Separation of Church and Aid

In his New York Times column “Learning From the Sin of Sodom,” Nick Kristof argues that “liberal snootiness” towards evangelical do-gooders is deleterious and that proscribing the practice of rewarding American aid to faith-based organizations “would be a catastrophe.” Religion is one issue in which compromise rarely succeeds and this column has ignited an accordingly heated debate.

Owen Barder, the director of aidinfo, notes that Kristof’s claim that faith-based organizations (FBOs) are “indispensable” is unsubstantiated and speaks to the utter lack of effective impact evaluation. According to Kristof, FBOs such as World Vision, America’s largest international relief and development agency, do not “offer aid to entice converts,” a popular liberal misconception. In response, Barder points to World Vision’s hiring policy, which states that all applicants are screened for Christian commitment; he claims that it essentially discriminates on the basis of religion and should thus be ineligible to receive taxpayer funding.

On the other hand, Christopher Blattman sides with Kristof and thinks that FBOs generally offer better services. The few that do proselytize can be pressured to change; for example, when World Vision integrated aid delivery with proselytization in Uganda, it was forced to change its policies due to a steep drop in funding.

Blattman’s post generated an impassioned comment thread. Aid workers related both positive and negative experiences with World Vision. Some acknowledged their aversion to FBOs but stated that realistically, they currently play a huge role in international development—one that we cannot ignore or replace.

Resident disaster relief guru and blogger Saundra Schimmelpfinnig stressed the importance of differentiating between aid workers who merely hold personal religious beliefs and those who use resources to leverage conversion.

Alanna Shaikh believes that it is inherently impossible for faith-based aid to be sufficiently secular to qualify for government funding. She cites an earlier blog post of hers that discussed the ACLU suing USAID based on a report that revealed that $325,000 worth of USAID funding was being used for religious activities.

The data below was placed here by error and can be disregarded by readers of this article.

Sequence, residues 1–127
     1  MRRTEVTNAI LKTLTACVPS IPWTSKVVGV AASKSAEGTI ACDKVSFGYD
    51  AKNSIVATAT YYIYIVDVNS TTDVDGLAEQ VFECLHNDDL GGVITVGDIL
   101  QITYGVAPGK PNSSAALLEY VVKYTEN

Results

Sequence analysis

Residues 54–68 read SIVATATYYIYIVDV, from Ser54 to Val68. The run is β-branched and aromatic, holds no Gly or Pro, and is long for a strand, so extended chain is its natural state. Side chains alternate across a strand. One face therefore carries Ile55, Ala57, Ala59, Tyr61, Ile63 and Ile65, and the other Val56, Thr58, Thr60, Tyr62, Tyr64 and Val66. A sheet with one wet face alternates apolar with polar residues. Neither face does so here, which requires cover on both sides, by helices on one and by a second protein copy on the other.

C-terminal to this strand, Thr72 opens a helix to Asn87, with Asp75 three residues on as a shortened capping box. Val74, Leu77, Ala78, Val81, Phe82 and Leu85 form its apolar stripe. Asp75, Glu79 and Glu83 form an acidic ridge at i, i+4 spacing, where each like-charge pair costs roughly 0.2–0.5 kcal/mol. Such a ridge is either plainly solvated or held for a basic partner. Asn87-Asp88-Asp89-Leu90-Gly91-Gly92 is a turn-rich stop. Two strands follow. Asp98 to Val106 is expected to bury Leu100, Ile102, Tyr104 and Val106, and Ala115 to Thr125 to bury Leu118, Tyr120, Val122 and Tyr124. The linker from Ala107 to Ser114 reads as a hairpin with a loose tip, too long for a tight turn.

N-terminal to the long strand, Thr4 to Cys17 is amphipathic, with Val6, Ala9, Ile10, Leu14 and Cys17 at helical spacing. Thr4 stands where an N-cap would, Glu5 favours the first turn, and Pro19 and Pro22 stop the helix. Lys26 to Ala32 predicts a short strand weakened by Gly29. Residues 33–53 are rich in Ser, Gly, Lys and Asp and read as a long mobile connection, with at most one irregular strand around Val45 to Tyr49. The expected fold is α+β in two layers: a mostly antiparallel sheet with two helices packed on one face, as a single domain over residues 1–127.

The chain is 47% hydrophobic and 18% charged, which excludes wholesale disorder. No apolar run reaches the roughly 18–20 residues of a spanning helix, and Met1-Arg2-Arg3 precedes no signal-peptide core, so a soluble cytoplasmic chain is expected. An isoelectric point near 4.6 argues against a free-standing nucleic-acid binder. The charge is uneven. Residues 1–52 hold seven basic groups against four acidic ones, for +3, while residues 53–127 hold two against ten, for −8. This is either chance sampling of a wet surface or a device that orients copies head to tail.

Steve Song remarked on the similarities between faith-based aid and the Washington Consensus—in both cases, aid was/is meted out depending on adherence to particular beliefs, be they God or privatization.

In a response the following day, Blattman builds on Song’s analogy: “what if USAID replaced ‘brought to you by the American people’ with ‘fighting Communism and Islamo-fascism since 1945’?” Furthermore, he explains, every aid organization has values, be they religious, economic or political. “If anything,” he says, “the human rights agenda has less in common with local cultures.” Although an evidenced-based comparison of faith-based aid vs. secular aid does not exist, based on anecdotal inferences, Blattman guesses that FBOs are more effective. He concludes that realistically FBOs are here to stay, so we should demarcate appropriate boundaries that incentivize secular aid, and “if there are unsavory practices, let the funding spigots be closed.”

In an explanatory follow-up post, Kristof concedes that evangelicals’ work in Africa is compromised by their abstinence-only education policies; however, their work does not undo AIDS prevention—far from it. He says that liberals do not appreciate the benefits of FBOs and hopes to bridge the “God Gulf” and encourage cooperation amongst faith-based and secular organizations. This animosity, rather than FBOs, undermines development. Polarization is often an indication that neither side is entirely right.

If anything, this debate speaks to the lack of inter-religious collaboration and evaluative metrics with which we can compare FBOs and secular aid organizations. God help us?


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